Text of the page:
In Aiming for Pensacola, Matthew J. Clavin contends that existing scholarship on fugitive slaves in the antebellum era has neglected liminal spaces in the antebellum South, where enslaved people could find sympathetic allies willing to aid them in escaping bondage. Clavin maintains that Pensacola served as one such place, remaining on the social, economic, and geographic margins of the South. As rigid racial hierarchies and fanatical defenses of slavery developed throughout most of the region, Clavin argues that many Pensacolans defied fugitive slave laws to shield enslaved people from authorities.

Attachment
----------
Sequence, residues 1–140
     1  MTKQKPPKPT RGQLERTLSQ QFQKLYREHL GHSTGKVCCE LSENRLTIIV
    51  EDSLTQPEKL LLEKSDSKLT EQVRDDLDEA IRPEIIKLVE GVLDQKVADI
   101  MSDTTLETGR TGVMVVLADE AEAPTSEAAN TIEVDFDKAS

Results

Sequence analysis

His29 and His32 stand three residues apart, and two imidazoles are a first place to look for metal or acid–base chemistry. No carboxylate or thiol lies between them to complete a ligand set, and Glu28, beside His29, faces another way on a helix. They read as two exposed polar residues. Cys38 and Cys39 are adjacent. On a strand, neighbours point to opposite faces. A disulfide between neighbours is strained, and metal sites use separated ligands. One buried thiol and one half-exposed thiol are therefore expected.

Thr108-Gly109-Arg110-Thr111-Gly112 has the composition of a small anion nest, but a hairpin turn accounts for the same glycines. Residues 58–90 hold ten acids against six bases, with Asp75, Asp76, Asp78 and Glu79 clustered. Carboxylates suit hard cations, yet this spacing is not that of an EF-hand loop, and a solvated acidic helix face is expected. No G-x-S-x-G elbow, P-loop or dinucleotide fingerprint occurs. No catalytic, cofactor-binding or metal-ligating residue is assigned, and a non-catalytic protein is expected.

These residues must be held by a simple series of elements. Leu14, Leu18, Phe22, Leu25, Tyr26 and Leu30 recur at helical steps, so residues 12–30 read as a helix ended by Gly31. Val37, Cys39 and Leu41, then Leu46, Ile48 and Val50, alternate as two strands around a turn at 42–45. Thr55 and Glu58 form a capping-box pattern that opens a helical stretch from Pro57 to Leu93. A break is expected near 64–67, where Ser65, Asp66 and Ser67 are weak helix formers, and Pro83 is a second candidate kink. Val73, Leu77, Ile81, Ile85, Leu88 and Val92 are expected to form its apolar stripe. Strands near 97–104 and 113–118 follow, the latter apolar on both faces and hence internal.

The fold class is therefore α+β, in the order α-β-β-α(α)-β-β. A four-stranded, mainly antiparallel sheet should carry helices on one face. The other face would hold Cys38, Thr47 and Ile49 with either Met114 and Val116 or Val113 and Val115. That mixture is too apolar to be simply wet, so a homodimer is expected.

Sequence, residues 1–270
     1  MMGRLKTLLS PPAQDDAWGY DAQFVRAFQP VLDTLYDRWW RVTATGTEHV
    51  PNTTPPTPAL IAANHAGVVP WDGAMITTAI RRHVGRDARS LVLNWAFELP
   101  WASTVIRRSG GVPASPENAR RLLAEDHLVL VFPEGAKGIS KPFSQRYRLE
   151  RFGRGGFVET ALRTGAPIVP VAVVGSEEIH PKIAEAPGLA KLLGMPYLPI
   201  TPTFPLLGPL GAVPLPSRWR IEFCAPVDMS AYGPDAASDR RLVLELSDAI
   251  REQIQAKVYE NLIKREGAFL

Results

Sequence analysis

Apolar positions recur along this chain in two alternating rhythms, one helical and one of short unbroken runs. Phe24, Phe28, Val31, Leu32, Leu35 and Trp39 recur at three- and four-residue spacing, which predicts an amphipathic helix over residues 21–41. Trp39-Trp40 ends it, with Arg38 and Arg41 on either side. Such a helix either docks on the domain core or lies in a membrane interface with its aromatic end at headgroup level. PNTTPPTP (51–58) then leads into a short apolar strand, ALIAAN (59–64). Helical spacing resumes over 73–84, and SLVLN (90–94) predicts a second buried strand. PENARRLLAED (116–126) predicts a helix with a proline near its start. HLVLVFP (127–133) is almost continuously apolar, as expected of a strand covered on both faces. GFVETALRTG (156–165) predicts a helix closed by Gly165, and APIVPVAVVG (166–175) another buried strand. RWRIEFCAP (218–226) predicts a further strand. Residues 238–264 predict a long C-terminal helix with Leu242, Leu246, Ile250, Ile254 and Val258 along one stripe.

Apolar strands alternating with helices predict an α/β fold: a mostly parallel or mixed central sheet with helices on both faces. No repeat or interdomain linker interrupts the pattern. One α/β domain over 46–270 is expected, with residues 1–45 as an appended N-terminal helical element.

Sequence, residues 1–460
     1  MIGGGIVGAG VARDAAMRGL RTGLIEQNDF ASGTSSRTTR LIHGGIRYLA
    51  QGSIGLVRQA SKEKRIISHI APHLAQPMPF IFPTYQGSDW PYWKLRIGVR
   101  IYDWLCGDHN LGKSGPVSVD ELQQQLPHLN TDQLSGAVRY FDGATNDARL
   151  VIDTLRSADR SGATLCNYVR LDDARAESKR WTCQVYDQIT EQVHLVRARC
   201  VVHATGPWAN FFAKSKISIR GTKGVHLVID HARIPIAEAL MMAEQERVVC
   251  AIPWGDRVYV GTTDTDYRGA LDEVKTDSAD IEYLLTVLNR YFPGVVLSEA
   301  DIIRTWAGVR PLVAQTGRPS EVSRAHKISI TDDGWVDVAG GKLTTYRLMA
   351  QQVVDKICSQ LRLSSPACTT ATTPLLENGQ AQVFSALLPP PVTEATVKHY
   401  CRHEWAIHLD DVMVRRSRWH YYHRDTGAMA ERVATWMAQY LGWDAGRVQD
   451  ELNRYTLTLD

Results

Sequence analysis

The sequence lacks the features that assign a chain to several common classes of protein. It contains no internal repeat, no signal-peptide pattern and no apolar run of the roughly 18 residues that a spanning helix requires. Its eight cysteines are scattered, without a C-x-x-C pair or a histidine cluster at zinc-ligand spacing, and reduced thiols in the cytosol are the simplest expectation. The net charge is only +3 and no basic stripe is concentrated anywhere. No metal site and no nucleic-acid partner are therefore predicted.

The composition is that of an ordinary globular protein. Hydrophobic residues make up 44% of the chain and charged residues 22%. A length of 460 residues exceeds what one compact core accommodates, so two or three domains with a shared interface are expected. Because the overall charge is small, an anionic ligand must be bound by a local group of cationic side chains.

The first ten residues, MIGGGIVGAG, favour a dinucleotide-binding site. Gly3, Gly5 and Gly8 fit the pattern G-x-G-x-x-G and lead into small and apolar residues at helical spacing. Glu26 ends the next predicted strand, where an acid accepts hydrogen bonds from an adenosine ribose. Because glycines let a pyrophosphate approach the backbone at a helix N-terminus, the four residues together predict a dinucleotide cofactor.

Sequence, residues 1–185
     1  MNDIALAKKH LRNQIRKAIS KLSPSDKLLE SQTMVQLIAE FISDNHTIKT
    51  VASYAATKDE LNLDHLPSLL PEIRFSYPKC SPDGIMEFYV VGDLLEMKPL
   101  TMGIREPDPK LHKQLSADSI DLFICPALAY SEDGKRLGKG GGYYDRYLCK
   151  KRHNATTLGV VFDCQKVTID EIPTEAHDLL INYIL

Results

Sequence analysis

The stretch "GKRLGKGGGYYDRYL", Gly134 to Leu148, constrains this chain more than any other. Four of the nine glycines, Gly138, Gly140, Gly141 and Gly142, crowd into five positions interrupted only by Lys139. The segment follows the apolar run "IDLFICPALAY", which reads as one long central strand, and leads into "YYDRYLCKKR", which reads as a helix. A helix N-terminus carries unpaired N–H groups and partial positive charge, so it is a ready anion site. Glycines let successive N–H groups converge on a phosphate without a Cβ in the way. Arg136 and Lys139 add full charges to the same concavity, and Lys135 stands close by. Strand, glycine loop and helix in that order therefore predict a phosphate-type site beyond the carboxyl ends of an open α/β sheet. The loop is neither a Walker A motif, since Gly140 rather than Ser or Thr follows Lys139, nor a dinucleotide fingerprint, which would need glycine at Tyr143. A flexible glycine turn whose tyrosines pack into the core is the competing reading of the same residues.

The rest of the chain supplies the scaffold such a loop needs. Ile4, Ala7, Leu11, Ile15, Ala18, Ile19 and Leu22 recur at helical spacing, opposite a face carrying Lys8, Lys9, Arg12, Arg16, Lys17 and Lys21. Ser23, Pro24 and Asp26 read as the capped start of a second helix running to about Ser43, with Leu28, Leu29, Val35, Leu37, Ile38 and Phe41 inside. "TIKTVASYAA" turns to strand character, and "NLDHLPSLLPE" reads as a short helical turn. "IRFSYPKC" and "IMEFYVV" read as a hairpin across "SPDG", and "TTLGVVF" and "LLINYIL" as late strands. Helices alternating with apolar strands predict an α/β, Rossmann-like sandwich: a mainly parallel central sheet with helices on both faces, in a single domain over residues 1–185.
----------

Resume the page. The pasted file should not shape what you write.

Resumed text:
The author excels in his use of documentary evidence to establish the prevalence of antislavery sentiment in antebellum Pensacola. Clavin mines runaway slave advertisements and legal records for details about the experiences of individual refugees and their collaborators. These sources confirm Pensacola’s reputation as a refuge for fugitives by voicing...

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